Queries exist on a power curve of search volume. Every beginner SEO knows about the shorthead vs longtail curve. A few queries hold the majority of search demand and that’s the subset Google shows ads for. And because Google makes most of its money from ads, this “subset” is worth more than $160b (Google’s revenue in 2019).
The core problem with Google’s anti-competitive behavior is that its business model poses a fundamental conflict with other businesses’ interests. These are more Cicilline’s words than mine and he expresses the problem perfectly. Google prefers its own assets over websites and destroys the ecosystem it built over decades.
One example is the mortgage calculator I Tweeted about in November 2019.
It has now reached the next step in the evolution: Google partners with the Consumer Financial Protection Bureau to show a mortgage calculator knowledge “app” (source) – after 4 ads. It’s truly more than just a knowledge card, which is why I call it an “app”, with FAQ, explanations, dictionary, and calculators.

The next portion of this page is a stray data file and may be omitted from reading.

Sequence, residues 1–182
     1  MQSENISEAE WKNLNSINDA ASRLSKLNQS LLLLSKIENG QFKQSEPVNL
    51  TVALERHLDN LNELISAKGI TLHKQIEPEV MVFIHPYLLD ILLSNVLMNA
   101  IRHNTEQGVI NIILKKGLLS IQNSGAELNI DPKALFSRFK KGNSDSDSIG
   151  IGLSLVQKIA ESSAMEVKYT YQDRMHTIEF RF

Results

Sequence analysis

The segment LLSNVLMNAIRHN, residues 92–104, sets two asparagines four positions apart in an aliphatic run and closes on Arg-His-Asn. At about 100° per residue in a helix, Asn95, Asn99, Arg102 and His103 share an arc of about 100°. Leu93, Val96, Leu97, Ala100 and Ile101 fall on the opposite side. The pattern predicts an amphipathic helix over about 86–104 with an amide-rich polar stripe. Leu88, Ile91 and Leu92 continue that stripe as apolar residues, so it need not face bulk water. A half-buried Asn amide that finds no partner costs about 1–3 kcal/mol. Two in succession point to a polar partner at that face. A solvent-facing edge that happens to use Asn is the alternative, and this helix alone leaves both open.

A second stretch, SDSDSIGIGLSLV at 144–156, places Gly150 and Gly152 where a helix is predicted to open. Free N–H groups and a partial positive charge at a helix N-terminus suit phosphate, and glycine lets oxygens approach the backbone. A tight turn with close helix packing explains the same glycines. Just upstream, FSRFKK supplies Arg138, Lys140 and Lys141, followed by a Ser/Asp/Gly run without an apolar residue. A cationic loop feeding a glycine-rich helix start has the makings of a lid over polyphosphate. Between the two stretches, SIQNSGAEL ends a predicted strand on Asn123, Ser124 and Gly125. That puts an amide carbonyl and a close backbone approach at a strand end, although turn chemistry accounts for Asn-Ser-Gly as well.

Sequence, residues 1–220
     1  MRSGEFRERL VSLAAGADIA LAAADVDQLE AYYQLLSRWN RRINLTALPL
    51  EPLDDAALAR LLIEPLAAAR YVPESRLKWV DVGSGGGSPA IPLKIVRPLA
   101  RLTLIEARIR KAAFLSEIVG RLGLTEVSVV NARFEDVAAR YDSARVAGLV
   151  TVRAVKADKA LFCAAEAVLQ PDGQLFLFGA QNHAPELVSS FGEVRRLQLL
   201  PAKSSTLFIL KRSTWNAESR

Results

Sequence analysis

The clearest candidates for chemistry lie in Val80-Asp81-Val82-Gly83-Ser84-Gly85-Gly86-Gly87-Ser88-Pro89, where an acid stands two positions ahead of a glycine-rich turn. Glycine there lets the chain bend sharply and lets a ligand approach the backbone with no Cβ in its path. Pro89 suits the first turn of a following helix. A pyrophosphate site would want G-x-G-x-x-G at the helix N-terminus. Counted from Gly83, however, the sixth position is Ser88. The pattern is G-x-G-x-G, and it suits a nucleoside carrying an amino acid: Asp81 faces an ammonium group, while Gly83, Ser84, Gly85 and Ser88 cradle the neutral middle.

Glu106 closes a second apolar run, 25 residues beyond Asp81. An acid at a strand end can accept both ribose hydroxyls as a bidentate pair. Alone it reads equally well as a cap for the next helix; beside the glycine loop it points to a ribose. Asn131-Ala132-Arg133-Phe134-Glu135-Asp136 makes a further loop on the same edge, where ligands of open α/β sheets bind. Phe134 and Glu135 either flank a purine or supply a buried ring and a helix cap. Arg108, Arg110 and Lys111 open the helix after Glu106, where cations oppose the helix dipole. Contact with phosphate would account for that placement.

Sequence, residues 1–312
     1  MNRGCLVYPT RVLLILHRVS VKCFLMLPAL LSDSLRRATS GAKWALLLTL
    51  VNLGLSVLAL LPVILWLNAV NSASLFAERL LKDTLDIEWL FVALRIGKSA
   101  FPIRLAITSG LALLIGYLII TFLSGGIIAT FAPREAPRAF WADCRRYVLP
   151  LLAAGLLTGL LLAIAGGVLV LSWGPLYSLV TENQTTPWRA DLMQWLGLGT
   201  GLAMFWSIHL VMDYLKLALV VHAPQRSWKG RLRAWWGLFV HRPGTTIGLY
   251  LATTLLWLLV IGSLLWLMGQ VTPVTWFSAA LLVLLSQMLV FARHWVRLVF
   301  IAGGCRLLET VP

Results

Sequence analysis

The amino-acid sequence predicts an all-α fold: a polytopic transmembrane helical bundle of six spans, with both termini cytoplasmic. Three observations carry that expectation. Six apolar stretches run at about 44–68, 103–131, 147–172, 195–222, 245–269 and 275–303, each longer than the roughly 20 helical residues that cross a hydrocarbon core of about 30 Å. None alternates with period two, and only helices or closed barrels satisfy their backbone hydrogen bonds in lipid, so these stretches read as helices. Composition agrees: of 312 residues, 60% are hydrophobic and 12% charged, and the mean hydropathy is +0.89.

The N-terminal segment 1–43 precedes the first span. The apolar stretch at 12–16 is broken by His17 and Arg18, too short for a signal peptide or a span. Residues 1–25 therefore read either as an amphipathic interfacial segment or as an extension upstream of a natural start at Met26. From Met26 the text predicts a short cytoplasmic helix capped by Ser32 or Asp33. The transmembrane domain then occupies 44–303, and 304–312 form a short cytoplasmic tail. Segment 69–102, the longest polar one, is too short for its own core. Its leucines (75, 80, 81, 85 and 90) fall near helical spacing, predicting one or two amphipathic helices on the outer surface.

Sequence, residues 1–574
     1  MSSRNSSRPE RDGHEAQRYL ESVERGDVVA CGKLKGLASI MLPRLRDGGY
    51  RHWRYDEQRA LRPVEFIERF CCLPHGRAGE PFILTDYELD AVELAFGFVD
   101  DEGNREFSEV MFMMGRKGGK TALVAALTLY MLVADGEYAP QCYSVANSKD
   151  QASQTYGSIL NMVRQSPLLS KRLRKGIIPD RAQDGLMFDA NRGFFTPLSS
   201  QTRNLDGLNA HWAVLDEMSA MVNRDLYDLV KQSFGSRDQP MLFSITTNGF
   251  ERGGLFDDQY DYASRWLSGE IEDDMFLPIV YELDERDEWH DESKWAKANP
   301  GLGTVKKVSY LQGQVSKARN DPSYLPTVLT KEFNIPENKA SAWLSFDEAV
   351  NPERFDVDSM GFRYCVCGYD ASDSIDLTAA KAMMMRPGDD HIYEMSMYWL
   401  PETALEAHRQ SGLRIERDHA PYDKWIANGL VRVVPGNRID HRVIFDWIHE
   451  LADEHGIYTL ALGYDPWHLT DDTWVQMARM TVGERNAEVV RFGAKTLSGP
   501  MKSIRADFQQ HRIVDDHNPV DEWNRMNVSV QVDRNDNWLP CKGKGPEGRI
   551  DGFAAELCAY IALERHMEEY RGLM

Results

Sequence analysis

Anyway, Mr. Cicilline then goes on to the death strike (at 7:32 in the video):
“Our documents show that Google evolved […] to a walled garden that increasingly keeps users within its sites. Emails show that over a decade ago, Google started to fear competition from certain websites; web pages that could divert traffic and revenue from Google. These documents show that Google’s staff discussed the proliferating threat […] that these web pages posed to Google. Any loss in traffic to other sites was a loss in revenue. Memos observe that certain websites were getting ‘too much traffic’, so Google decided to put an end to that.“Mr. Cicilline at the congressional hearing on 7/29/2020 to Sundar Pichai